At the proximal rear side of first handle leg 10 a lock is mounted that includes a stop element that has the shape of a disk 48. Disk 48 is rotatable around a threaded bolt 50 inserted into handle leg 10. Disk 48 has on its circumference a flat edge 52 in the form of a separate segment. If disk 48 is turned so that its flat edge 52 adjoins opening 14, disk 48 is in its release position, as shown in this Figure. Because of flat edge 52, disk 48 does not project into opening 14 of first handle leg 10 and does not prevent the pivoting movement of second handle leg 12. A spring-loaded latching ball 56 mounted in first handle leg 10 engages latching recesses in the underside of disk 48 in order to allow the latter to engage in the release and locking positions.
In order to disassemble the sliding shaft instrument, disk 48 is rotated into the release position shown in FIG. 1. The second handle leg 12 is pivoted by means of spreading springs 18 into its maximally spread position. Now slide 22 can be slid into its proximal end position, as depicted in FIG. 1, since cross pin 38 can move beyond the proximal edge 44 of slot 42. In the position shown in FIG. 1, slide 22 can be lifted off shaft 20.
When the disk is in the release position shown in FIG. 1, the sliding shaft instrument previously disassembled can be reassembled. Slide 22 is placed on shaft 20 in the proximal end position shown in FIG. 1. Then slide 22 is slid distally, with guide groove 28 fitting over a guide rib 26 and guide rib 30 sliding from a rear section 32 of the guide groove into the forward section 34 of the guide groove. During the displacement of slide 22 in the distal direction, cross pin 38 slides over proximal edge 44 of slot 42 and into slot 42, coming to rest against the distal edge 46 of slot 42. During subsequent distal displacement, slide 22 carries second handle leg 12 with it over cross pin 38 and slot 42, so that the end section 40 is lifted off the proximal edge of opening 14. Once the slide 22 is engaged and the device reassembled, disk 48 can be turned into its locking position, as shown in more detail in FIGS. 3 and 4.
FIG. 2 shows a rear view of a sliding shaft instrument in the unlocked position with the slide removed. In this projection, the first handle leg 10 is visible, whereas the second handle leg is not visible. In this figure, the rotating disc 48 is shown with its flat edge 52 in the releasing position. The rotating disc 48 is held in place by a threaded bolt 50 around which the rotating disc 48 rotates. With the slide removed, the figure depicts the T-shaped forward section 34 of the guide groove on shaft 20, and the guide rib 26 of shaft 20.
FIG. 3 is a rear view of a sliding shaft instrument in the locked operating position. This figure shows the rotating disc 48 turned into a locking position. Rotating disc 48 is held in position by threaded bolt 50. Flat edge 52 is rotated away from the area where the two handle legs engage each other. In this projection, the first handle leg 10 is visible, and the second handle leg 12 is not. Disc 48 is turned with its curved edge 60 preventing the maximum spreading of the two handle legs. In this position, slide 20 cannot disengage.
FIG. 4 shows a side view in partial axial section of an embodiment of a sliding shaft instrument illustrating the slide 22 in a locked position on the shaft 20. Disc 48 is shown in the locked position with its rounded edge 60 projecting into opening 14, thus limiting the pivoting movement of end section 40 and hence of second handle leg 12. The second handle leg 12 can therefore no longer reach its maximum spread position. In the handle position determined by the stop on disk 48 as shown in FIG. 2, slot 42 of end section 40 can tilt in the displacement direction of slide 22 only insofar as the proximal edge 44 of slot 42 does not enter the path of movement of cross pin 38. Cross pin 38 is thus received on both sides by slot 42 and cannot escape from slot 42. The interdigitation of slide 22 on shaft 20 by guide rib 26 and guide groove 28 distally and by guide rib 30 and forward section 34 of the guide groove cannot disengage.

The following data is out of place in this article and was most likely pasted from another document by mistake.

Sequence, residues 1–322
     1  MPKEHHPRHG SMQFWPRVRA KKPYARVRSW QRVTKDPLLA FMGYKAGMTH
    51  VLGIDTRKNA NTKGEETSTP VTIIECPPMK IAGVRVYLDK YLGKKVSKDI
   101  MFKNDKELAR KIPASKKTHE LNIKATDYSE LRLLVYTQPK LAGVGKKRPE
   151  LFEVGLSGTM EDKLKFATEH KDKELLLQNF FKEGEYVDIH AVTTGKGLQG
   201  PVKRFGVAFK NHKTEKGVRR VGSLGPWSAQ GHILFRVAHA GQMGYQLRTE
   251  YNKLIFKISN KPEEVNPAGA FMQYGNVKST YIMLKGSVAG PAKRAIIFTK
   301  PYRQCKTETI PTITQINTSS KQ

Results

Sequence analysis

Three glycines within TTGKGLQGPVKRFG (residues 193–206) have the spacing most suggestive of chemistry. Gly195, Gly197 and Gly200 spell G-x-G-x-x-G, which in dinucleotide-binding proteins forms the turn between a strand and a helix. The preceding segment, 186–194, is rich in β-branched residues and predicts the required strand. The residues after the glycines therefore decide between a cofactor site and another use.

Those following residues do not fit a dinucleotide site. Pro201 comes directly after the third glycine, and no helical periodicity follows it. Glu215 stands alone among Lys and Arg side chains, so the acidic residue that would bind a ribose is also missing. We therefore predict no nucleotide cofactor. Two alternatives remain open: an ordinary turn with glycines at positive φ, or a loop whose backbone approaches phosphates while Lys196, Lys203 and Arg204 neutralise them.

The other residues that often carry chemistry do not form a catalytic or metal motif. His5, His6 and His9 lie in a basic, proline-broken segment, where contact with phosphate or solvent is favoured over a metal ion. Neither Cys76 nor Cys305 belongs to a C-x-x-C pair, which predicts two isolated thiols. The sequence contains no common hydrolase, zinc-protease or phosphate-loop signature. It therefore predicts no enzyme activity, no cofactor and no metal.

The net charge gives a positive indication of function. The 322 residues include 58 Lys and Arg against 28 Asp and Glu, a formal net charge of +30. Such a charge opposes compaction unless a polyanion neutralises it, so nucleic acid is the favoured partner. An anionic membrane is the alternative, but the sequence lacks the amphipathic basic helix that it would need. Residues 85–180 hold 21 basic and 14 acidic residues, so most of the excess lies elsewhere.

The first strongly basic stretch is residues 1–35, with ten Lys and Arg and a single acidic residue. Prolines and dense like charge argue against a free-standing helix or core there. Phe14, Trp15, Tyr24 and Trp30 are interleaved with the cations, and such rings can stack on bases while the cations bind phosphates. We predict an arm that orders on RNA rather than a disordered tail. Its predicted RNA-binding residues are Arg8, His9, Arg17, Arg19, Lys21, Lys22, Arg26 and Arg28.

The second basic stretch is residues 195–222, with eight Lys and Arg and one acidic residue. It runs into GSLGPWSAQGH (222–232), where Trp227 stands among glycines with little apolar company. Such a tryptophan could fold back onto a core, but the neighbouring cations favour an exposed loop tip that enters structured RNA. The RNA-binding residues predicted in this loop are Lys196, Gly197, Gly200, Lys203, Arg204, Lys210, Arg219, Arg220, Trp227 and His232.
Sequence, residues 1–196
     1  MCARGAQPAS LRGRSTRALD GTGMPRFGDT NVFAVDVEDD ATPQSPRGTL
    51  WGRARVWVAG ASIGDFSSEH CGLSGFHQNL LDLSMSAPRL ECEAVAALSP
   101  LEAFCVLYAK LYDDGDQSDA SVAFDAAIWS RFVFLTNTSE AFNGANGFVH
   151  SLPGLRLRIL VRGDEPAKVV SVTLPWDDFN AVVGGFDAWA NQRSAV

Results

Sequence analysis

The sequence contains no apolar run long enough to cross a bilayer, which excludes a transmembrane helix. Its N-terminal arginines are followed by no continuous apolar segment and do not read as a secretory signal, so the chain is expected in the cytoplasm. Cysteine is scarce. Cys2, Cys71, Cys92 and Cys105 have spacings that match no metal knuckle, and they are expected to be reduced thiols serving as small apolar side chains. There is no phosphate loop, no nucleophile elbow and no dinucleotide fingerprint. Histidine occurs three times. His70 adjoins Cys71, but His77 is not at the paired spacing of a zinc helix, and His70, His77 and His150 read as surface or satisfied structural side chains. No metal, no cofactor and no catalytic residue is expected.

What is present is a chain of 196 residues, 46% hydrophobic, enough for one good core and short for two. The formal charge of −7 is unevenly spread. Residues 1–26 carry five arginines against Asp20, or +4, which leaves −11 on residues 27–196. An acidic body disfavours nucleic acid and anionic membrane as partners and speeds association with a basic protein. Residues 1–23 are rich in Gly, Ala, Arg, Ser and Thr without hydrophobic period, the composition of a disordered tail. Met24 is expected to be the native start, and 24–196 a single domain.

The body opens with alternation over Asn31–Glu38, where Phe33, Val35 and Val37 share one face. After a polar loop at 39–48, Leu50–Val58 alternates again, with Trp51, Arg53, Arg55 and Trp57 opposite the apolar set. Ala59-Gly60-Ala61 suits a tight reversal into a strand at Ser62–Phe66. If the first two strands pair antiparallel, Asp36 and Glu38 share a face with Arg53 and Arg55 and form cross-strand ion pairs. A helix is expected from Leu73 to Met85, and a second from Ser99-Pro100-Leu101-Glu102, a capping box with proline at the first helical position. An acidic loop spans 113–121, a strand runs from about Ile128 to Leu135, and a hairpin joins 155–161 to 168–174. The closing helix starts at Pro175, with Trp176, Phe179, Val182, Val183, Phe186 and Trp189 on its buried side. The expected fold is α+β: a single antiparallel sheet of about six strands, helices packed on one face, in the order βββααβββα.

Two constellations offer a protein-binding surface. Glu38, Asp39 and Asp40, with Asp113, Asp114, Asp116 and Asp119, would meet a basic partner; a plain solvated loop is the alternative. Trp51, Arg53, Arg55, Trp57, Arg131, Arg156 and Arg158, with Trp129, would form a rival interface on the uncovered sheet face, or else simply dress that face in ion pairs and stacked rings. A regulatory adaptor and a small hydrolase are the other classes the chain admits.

It would be apparent to one of ordinary skill in the art that locking can also be accomplished with the same effect in a different manner. For example, instead of rotatably mounted disk 48, a linearly displaceable stop element can also be provided. Similarly, a rotatably or linearly displaceable stop element can engage this second handle leg 12 in front of articulation pin 16 to delimit the pivoting movement. As another example, a stop element could engage the gap 54 between second handle leg 12 and the shaft-side edge of opening 14 to produce the locking action. As a further example, a stop element can also be pivoted or slid into the sliding path of slide 22 in order to limit its displacement in the proximal direction.
While specific embodiments of the present invention have been disclosed and described, it will be understood by those skilled in the art that various changes in form and detail may be made without departing from the spirit and scope of the systems described herein. Accordingly, it will be understood that the invention is not to be limited to the embodiments disclosed herein, but is to be understood from the following claims, which are to be interpreted as broadly as allowed under the law.
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|U.S. Classification||606/206, 606/208, 606/1|
|International Classification||A61B90/00, A61B17/32|
|Cooperative Classification||A61B2090/0813, A61B17/1611|
|11 Jan 1999||AS||Assignment|
Owner name: MEDI-PLUS INSTRUMENTE GMBH U.CO. KG, GERMANY
Free format text: ASSIGNMENT OF ASSIGNORS INTEREST;ASSIGNOR:JANZEN, PETER;REEL/FRAME:009688/0996
Effective date: 19981214
|21 Apr 2004||REMI||Maintenance fee reminder mailed|
|4 Oct 2004||LAPS||Lapse for failure to pay maintenance fees|
|30 Nov 2004||FP||Expired due to failure to pay maintenance fee|
Effective date: 20041003
|8 Feb 2006||AS||Assignment|
Owner name: WELLS FARGO FOOTHILL, INC., CALIFORNIA
Free format text: AMENDMENT TO COLLATERAL ASSIGNMENT;ASSIGNOR:SPECIAL DEVICES, INCORPORATED;REEL/FRAME:017537/0174
Effective date: 20051222